From a simple website activity application written in the C language in 1994, the PHP programming language has evolved into a robust language optimized for web servers and web applications.
The origins of PHP are humble. What started as a set of small scripts to count visits to an online resume, coded in 1994, has become one of the more popular programming languages, PHP. The original version of the language was not a language. It was a set of code compiled into a C binary file to sit on a web server and process website activity data sent to it. The name PHP then translated to Personal Home Page Tools, or PHP Tools.
The original creator of PHP, Rasmus Lerdorf, a Danish programmer, then evolved PHP into a more robust CGI or Common Gateway Interface tool. At the time, CGI was the primary way to make websites interactive, especially with the submission and management of form data. The PHP code was made publicly available and others began to work the code into more and more of a language.
With PHP 3.0, in 1998, two programmers in Israel, Andi Gutmans and Zeev Suraski, approached Lerdorf and together they started to rewrite PHP into a true programming language. The name changed from Personal Home Page Tools to FI (Forms Interpreter) to PHP/FI then finally PHP: Hypertext Pre-Processor (PHP), the current name. Throughout its development, PHP has retained its connection to web pages and web servers. It's used primarily to create web-based applications and websites.
What Makes PHP Special?
PHP is an extremely common programming language used in many open source software programs. While it has its detractors, the language offers a lot of useful features for web applications. Once installed on a web server, the PHP modules process web page code and, when PHP code is found in the web page code, the modules process the PHP. For example, the code might make a call to a database to find all stories tagged with a category ID then display the results of the database call as an HTML table or as a list of stories with linked headlines.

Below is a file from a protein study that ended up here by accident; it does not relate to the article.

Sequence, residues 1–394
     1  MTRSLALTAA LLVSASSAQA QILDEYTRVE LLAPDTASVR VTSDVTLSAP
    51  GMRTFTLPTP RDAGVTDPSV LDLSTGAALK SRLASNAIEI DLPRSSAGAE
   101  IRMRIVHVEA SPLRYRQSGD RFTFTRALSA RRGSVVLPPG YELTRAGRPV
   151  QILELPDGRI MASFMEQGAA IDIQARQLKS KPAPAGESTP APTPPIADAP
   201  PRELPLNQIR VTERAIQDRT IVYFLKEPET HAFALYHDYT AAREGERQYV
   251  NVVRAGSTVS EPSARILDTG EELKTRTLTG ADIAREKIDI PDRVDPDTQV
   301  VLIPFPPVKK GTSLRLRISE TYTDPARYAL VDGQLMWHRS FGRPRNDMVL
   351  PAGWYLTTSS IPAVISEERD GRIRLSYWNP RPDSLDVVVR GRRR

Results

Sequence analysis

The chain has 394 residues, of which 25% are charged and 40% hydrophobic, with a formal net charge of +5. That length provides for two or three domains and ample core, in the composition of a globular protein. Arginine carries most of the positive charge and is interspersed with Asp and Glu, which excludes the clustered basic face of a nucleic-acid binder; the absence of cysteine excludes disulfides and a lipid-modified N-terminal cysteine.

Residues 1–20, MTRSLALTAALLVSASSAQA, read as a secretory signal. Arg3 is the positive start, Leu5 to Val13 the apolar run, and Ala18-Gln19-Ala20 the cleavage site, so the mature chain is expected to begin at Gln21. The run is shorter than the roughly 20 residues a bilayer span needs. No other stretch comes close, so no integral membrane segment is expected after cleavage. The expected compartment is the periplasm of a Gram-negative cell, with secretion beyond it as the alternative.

The PHP language can output HTML and other media types, for example, Excel, PDF, and XML on the fly. The language also works with a wide range of databases. And coding can be procedural, a step by step list of actions for the application to perform, and/or object oriented, with code built on objects not procedures or actions. PHP also includes a wide range of data types and other typical components included in programming languages.
It's a fairly easy language for non-programmers to learn, especially designers and do it yourself programmers. For example, WordPress is an open source publishing tool written in PHP. Many designers and web producers learn PHP by adapting the WordPress template code used to create then display web pages. From that start, they migrate to more complicated coding in PHP, within WordPress and beyond.
Because PHP is used widely, the main PHP.net site has extensive documentation for the language and many software forums include sections to answer PHP-related questions. In addition, open source projects like WordPress also have support forums to answer problems that involve PHP. The support network for the language is extremely deep.
How is PHP Used?
For web designers and producers, PHP is an easy extension of the HTML and CSS code they learn while creating static web pages. The language is used extensively in open source web projects which makes it easy to learn the language and contribute to projects. PHP is less used, or not optimal for, creating desktop applications. However, it does run on almost all major operating systems on desktops and servers.
Popular PHP Open Source Projects
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